Home » Feature » From influenced to an influencer, is TikTok creating a domino effect in the music industry?

From influenced to an influencer, is TikTok creating a domino effect in the music industry?



A 20-year-old rapper, singer-songwriter, a college dropout, sleeping on his sister’s floor. A 20-year old rapper, singer-songwriter, with his song as No. 1 on the Billboard Top 100 Charts for 19 weeks. Two scenarios, one rapper, Montero Lamar Hill aka Lil Nas X.

The artist displayed the popularity of cowboy culture online through his country-trap song Old Town Road via memes on Twitter and Instagram. After several months, TikTok was flooded with creators due to the song’s Wild West imagery. It attracted young users and inspired them to make a 15-second video challenge called #YeeHaw where they transformed to wranglers and/or cowgirls.

The two marketing trends that stood out contributed to the independent artist getting signed in 15 days after he released his first song. Also, the traction it saw was purely organic.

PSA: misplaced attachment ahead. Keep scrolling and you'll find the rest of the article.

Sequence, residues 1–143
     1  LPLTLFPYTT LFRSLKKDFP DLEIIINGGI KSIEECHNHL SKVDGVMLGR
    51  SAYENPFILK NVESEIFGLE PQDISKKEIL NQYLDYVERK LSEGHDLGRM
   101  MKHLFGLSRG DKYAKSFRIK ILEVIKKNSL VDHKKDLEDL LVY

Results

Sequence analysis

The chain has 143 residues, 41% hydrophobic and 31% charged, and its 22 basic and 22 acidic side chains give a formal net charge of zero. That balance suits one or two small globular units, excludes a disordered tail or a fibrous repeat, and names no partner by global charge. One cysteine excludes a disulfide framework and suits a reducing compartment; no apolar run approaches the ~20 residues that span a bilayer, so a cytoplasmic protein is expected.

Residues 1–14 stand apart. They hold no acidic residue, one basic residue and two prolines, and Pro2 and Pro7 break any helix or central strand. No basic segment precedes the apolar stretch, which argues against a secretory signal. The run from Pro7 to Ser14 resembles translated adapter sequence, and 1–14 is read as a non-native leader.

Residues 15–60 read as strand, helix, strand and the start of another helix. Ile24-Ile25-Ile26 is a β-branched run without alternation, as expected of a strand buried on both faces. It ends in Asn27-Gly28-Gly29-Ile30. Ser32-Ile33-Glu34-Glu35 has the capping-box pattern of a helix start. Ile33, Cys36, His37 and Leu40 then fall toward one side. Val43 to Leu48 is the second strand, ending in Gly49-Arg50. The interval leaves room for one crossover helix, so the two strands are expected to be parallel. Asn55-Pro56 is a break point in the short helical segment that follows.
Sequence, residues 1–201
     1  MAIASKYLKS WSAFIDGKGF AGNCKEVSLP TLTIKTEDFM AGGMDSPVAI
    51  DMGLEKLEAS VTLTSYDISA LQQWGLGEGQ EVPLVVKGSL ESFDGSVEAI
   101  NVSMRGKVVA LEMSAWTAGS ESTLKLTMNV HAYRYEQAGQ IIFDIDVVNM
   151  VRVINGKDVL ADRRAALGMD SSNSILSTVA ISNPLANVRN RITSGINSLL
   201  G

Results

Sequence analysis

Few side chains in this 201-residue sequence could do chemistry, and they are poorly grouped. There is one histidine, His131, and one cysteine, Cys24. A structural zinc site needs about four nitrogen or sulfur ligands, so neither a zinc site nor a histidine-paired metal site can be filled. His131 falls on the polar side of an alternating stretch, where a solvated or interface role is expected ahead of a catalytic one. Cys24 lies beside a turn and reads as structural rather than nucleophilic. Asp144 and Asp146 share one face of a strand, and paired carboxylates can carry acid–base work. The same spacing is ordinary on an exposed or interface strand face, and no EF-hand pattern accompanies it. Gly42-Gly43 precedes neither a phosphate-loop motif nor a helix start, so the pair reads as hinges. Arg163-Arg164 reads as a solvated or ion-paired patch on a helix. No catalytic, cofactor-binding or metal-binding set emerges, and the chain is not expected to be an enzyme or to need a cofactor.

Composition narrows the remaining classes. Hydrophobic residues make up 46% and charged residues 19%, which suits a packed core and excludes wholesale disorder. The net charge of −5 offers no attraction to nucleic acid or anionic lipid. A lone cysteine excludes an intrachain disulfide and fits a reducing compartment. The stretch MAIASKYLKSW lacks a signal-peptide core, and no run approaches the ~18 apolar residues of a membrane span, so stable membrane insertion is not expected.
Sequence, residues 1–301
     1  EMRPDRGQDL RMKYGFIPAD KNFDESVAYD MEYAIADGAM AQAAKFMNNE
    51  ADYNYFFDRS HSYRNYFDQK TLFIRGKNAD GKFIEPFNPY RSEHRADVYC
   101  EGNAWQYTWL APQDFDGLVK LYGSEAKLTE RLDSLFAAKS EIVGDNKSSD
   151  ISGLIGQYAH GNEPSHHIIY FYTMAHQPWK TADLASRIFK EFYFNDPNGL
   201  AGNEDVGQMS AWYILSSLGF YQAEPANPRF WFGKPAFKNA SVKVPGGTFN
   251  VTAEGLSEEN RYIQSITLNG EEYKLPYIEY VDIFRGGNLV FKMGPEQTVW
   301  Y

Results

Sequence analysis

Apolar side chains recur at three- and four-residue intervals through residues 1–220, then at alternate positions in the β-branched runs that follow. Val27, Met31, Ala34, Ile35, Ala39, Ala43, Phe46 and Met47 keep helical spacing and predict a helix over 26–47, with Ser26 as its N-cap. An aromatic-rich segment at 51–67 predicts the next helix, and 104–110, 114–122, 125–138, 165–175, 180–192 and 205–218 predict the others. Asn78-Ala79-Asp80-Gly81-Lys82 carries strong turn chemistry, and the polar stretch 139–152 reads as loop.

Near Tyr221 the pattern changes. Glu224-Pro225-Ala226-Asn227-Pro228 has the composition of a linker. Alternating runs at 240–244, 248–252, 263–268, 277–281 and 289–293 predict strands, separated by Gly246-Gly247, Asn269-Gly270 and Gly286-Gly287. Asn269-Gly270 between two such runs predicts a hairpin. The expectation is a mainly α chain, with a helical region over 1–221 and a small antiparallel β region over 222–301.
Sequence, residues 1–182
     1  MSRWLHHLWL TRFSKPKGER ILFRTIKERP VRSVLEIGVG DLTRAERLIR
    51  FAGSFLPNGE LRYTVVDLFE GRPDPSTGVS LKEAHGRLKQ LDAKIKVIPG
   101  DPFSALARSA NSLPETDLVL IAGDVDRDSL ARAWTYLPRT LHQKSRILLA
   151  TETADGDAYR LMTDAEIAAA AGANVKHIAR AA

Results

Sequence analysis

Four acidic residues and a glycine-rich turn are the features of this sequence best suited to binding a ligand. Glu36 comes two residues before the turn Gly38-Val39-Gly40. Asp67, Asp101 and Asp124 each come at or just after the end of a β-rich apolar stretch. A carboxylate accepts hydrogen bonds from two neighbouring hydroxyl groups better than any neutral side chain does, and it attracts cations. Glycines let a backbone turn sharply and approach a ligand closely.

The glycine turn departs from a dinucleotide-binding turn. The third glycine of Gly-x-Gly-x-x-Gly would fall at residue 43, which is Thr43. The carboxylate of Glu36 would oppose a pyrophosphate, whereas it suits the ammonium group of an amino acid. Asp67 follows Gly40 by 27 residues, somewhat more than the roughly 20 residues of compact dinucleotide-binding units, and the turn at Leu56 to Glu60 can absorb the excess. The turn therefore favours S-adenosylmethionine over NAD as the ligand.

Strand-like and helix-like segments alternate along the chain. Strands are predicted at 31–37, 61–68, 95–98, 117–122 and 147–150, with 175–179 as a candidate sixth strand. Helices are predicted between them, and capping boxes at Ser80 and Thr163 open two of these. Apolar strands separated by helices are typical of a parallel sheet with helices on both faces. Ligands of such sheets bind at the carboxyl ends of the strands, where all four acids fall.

The rise of Lil Nas X represents a larger phenomenon that exists in the digital space. A song reaching the audience to the level of being contagious is currently the best form of popularity.

In May 2019, the original video for Old Town Road original was released. As of July, the song had 200 million views. Nas released his debut EP on June 21, 2019, landing directly at No.2 on the Billboard 200 chart.

A week after Lil Nas X was signed to Columbia Records, the song broke Drake’s record for the most U.S. streams with 143 million streams. Drake’s In My Feelings had 116.2 million streams in one week in July 2018. In My Feelings too was a very popular trend on TikTok, where the challenge was to dance to the song by getting out of a moving vehicle onto the street.